Graduate programs in the Department of English are offered regularly throughout the academic year. Upcoming courses are highlighted below; for more detailed information please contact the Graduate Studies Coordinator.
English 7003: Theory for Our Times
Dr. Fiona Polack (firstname.lastname@example.org)
This course examines relationships between evolving contemporary cultural contexts and our work as literary scholars. Drawing on a range of recently published theoretical work (whose historical antecedents we will also trace), our seminar will investigate systemic phenomena including globalization, identity politics, and environmental crisis, as well as the evolution of new textualities and methods of literary circulation. What, we will ask, are the most apposite theories for our times, and how might they be deployed in our reading and research?
English 7035: Arthurian Romance
Dr. William Schipper (email@example.com)
Stories about King Arthur and the Knights of the Round Table first started becoming popular in the twelfth century. They embody elements of pseudo-history, nationalism, fantasy, romance, love, seduction, betrayal, chivalry, magic, loyalty, and possible and impossible quests. The popularity of these tales continues into the 21st century, and not just in literature (think of Star Wars, for example, or television series such as Merlin).
This course will examine some key texts from a variety of points of view. These texts will include the Alliterative Morte Arthur, Sir Gawain and the Green Knight, Chaucer's "Wife of Bath's Tale," and Sir Thomas Malory's Morte Darthur, a cycle of stories chronicling the reign of Arthur.
English 7055: The Banality of Magic: Fantasy, Myth, and Humanism
Dr. Christopher Lockett (firstname.lastname@example.org)
This course will consider contemporary fantasy's turn away from what J.R.R. Tolkien termed "mythopoeia"—the thematic foundation in myth and magic—and toward a more distinctly humanist, secular world-view. What is the significance of a genre traditionally rooted in Christian thought and theology shifting to a preoccupation with "realistic" historical considerations and dynamic? What role do nostalgia and utopia, so central to such authors as Tolkien and C.S. Lewis, play in these contemporary authors' figurations?
Primary texts may include Philip Pullman's The Golden Compass; George R.R. Martin's A Game of Thrones; Terry Pratchett's Witches Abroad or Night Watch; Richard K. Morgan's The Steel Remains; J.K. Rowling's Harry Potter and the Prisoner of Azkaban; Bernard Cornwell's The Winter King; William Goldman's The Princess Bride; Neil Gaiman's American Gods; Lev Grossman's The Magicians.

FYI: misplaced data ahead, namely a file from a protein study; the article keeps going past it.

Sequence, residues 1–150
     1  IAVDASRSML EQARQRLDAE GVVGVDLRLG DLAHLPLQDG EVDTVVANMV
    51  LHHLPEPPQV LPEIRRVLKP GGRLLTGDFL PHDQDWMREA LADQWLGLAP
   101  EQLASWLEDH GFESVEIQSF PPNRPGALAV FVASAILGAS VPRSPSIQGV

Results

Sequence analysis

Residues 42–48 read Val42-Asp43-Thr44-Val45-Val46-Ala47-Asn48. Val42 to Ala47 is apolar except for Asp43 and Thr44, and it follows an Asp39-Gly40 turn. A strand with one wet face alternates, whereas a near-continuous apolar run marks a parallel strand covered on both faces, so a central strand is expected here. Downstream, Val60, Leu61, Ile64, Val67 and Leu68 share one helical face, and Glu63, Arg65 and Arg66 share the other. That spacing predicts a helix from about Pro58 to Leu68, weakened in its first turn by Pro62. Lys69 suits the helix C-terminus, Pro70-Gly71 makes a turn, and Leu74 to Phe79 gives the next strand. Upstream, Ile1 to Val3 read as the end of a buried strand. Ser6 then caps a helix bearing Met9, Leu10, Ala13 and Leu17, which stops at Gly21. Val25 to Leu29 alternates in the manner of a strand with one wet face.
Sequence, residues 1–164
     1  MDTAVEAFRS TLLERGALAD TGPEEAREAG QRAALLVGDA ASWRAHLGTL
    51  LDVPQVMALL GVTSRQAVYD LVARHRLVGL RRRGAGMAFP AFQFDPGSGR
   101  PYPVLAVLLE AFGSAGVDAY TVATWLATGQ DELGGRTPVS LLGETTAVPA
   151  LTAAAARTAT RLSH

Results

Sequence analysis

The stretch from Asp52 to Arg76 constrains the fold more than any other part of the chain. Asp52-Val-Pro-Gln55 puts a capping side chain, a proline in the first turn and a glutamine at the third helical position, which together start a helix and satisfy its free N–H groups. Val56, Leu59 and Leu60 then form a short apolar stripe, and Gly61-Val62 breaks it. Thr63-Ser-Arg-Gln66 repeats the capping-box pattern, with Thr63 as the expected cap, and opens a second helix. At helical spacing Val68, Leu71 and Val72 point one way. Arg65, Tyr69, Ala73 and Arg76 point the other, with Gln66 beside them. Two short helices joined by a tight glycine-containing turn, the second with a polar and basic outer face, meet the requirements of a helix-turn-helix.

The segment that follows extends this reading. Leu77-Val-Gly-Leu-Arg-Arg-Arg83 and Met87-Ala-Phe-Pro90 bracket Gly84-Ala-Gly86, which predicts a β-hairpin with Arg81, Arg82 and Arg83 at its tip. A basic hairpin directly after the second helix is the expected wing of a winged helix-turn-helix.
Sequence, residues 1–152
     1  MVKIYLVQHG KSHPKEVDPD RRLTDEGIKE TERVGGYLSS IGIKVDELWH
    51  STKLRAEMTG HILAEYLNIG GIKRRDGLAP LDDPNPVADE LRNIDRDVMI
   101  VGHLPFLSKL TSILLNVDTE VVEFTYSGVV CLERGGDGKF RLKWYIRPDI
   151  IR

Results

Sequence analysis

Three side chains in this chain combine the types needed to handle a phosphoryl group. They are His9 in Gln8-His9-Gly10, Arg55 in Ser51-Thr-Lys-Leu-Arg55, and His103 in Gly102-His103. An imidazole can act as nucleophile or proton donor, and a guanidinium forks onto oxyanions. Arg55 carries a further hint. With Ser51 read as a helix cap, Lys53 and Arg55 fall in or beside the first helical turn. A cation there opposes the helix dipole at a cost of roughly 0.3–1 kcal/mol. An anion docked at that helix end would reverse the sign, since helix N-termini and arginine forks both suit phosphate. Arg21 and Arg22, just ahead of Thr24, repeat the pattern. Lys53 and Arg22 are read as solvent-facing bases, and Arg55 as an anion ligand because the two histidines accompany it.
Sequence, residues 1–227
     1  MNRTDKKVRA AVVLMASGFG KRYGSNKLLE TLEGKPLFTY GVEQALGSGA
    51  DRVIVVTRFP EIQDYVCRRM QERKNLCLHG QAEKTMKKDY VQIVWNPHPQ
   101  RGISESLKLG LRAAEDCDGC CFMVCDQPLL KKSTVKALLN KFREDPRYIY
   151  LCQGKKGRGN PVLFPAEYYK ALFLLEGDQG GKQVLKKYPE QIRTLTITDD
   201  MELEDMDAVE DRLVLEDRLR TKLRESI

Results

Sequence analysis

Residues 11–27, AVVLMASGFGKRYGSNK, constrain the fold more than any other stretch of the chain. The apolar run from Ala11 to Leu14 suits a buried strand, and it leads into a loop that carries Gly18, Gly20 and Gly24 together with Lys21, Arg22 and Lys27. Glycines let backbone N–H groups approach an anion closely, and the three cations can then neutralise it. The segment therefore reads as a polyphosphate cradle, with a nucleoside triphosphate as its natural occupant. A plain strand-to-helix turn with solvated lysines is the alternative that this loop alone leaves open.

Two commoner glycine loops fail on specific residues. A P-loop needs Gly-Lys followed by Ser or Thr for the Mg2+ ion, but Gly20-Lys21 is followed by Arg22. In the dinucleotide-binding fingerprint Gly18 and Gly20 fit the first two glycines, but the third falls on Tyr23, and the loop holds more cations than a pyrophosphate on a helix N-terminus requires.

Secondary readings may include essays by J.R.R. Tolkien, G.K. Chesterton, Fredric Jameson, Rosemary Jackson, Tsvetan Todorov, Edward Said, Eric Auerbach, as well as representative early or proto-fantasy texts by William Morris, George McDonald, Alfred, Lord Tennyson, Richard Howard, Mervin Peake, and T.H. White. Students are strongly encouraged to have read The Fellowship of the Ring and The Lion, the Witch and the Wardrobe before class begins.
English 7085: Graphic Storytelling
Dr. Nancy Pedri (email@example.com)
Graphic Storytelling considers established and emerging storytelling techniques of both multimodal and purely visual graphic narratives. We will pay particular attention to the unique grammar of the medium to ask how graphic narrative responds to the conventions of narrative and genre. To better understand how this form of storytelling structures perception and knowledge, an examination of a variety of graphic narratives—each with a unique storytelling style—will be informed by recent work in literary theory, visual cultural studies, and the growing field of comics studies.
Winter 2014 (subject to change)
English 7024: "Consider the Hummingbird": A Creative Writing Workshop on the Essay
Dr. Rob Finley (firstname.lastname@example.org)
English 7024 is a workshop designed for writers interested in exploring – and in extending – the possibilities of literary non-fiction in short or long form projects. Most of the course work is devoted to practical work on writing, but this will be supplemented with close readings and rhetorical analyses of number of texts, and with ongoing discussion on the history, nature and possibilities of the genre. A substantial final project, presentations of critical readings, and participation in peer critiques and group work will form the basis for evaluation in the course. While previous experience in creative writing workshops and a writing portfolio are desirable, they are not prerequisites for the course; interested students should stop in to discuss the course with the instructor ahead of time.
English 7048: Studies in Eighteenth-Century British Literature: Pope, Publishing, Popular Culture, and Pornography
Dr. Don Nichol (email@example.com)